As anyone who knows me or has read this blog for any length of time knows, I just will not shut up about my grandmother. She was graceful, tough, smart, adaptable, and just about the best female role model a little girl could possibly have been lucky enough to have.
One thing she couldn't do--and really, this is a pretty harmless tradeoff--is cook.
This was passing strange, considering the fact that her parents were in the restaurant business and her mother was an exceptional cook. I guess some traditions skip a generation. (I, for instance, never picked up my mother's skill at all things textile related... I can't sew, and my short-lived attempt at getting good at needlepoint was needlepointless. AND I can't operate a spool of curling ribbon to save my life.)
My mother makes an amazing sticky bun. My great-grandmother made a gorgeous pie. Grandma made a fantastic dinner reservation.
One time, the cleaning lady opened up Grandma's oven, and moths flew out*.
Grandma did, however, love entertaining. There were a few go-to recipes in her arsenal, mostly weaponized forms of cream cheese. One of them was a brick of cream cheese with some brown goo poured over it. Mom and I have speculated through the years as to the nature of the brown goo. It wasn't quite like soy sauce, but it was definitely umami-heavy, not that any of us thought in terms of umami back then. We think it might have been Marmite, but we are too frightened of Marmite to test this theory.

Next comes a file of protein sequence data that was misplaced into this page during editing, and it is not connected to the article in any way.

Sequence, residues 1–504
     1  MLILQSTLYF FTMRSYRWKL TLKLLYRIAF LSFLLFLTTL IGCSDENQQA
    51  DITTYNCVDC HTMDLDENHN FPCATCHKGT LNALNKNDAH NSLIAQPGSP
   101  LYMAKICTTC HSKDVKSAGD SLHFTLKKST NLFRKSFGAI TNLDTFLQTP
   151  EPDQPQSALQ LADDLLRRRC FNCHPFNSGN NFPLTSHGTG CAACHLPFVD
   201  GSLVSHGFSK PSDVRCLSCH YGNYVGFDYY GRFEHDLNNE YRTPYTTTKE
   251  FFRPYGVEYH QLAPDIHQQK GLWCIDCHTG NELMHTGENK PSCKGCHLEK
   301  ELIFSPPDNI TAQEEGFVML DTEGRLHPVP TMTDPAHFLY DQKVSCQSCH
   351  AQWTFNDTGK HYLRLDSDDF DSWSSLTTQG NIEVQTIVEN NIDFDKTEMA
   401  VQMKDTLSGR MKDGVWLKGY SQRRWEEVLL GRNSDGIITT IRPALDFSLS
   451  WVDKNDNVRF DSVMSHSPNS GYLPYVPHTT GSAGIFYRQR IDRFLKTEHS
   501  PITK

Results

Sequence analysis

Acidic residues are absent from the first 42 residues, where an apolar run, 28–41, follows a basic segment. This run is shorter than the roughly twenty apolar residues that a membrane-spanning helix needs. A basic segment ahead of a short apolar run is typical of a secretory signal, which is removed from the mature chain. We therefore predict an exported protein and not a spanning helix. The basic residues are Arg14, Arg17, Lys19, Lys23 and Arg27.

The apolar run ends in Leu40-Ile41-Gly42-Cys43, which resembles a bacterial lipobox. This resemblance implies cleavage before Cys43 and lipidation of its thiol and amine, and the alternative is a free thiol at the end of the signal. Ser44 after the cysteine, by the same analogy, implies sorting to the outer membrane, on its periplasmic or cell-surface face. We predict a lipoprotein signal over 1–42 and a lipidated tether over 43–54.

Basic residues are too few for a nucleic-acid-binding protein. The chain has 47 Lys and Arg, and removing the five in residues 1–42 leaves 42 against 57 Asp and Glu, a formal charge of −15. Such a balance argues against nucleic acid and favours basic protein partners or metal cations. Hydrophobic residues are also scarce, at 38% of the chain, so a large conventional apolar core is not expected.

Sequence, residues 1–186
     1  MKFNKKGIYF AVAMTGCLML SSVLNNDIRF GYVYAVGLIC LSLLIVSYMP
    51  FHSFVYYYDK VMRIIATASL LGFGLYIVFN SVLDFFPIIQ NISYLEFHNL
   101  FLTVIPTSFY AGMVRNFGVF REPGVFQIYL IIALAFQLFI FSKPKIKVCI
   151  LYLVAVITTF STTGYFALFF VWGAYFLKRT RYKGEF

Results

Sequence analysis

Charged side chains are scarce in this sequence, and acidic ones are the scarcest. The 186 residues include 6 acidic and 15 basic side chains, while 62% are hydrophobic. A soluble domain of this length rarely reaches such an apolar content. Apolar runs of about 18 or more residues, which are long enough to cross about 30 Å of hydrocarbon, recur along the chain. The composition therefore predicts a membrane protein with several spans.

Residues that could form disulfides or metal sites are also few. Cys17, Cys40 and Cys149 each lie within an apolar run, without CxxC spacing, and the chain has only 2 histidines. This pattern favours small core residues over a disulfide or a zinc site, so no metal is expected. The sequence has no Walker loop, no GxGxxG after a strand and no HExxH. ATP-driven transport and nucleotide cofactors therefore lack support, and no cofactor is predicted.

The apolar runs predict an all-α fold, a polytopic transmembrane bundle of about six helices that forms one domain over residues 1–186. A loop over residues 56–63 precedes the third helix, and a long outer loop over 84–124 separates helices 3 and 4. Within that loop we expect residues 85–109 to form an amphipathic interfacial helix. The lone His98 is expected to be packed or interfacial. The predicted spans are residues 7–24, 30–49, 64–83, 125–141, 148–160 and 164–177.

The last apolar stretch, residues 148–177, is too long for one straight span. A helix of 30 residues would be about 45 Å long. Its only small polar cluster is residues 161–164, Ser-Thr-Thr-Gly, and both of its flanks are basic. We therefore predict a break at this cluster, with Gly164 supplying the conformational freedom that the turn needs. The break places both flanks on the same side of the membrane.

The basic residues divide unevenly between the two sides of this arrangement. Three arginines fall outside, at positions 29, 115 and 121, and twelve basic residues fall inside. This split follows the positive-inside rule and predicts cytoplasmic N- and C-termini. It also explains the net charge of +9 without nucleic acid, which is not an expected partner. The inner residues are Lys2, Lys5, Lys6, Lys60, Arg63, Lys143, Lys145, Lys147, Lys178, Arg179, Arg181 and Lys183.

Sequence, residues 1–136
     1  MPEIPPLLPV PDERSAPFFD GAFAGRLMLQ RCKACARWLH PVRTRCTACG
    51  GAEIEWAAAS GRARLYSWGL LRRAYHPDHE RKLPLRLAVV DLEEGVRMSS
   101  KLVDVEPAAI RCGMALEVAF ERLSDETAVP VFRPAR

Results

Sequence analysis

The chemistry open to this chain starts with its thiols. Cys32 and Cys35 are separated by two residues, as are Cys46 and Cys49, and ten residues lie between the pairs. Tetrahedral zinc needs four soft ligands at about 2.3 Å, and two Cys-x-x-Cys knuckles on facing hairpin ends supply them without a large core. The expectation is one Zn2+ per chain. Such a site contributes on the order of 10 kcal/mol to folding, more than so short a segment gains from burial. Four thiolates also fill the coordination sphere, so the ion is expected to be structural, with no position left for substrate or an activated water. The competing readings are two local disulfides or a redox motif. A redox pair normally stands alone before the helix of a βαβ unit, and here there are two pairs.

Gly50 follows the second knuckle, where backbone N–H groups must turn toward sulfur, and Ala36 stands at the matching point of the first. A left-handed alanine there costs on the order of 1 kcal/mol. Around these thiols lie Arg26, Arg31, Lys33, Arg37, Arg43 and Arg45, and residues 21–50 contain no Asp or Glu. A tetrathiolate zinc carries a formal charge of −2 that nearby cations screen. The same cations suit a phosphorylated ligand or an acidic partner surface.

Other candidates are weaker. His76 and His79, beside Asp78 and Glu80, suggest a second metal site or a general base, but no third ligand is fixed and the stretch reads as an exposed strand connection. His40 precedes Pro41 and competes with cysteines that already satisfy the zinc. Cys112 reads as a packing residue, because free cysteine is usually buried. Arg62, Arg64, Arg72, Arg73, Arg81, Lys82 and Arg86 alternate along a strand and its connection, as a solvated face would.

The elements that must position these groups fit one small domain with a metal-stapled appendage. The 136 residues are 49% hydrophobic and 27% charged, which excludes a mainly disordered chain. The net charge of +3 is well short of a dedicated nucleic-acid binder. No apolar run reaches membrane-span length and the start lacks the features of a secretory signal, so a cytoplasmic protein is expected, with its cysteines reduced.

Grandma's signature appetizer was shrimp dip.
You might think that preparation of this dish would involve shrimp.
You underestimate the ingenuity of the Poppy Cannon era.
Shrimp dip was assembled from pickled artichoke hearts, cream cheese, and undiluted Campbell's Cream of Shrimp soup. (RELATED: There is such a thing as Campbell's Cream of Shrimp soup.) Preparation: Mash. Serve cold.
There was usually a dish of salted almonds as well. They were very popular.
Nobody, I am certain, went to Grandma's parties for the gustatory delight of it. But when I look back on those days, I remember the sound of a roomful of people having a wonderful time. I remember warmth and laughter (some of it, quietly, about the shrimp dip).
Like I said, it was a pretty good tradeoff.
*Really. People always think that this story is one of those Erma Bombeckian / Phyllis Dilleresque comedic exaggerations. On the upside, between underuse and the aforementioned cleaning lady, Grandma's kitchen was always spotless... at least until I got my grubby mitts on it.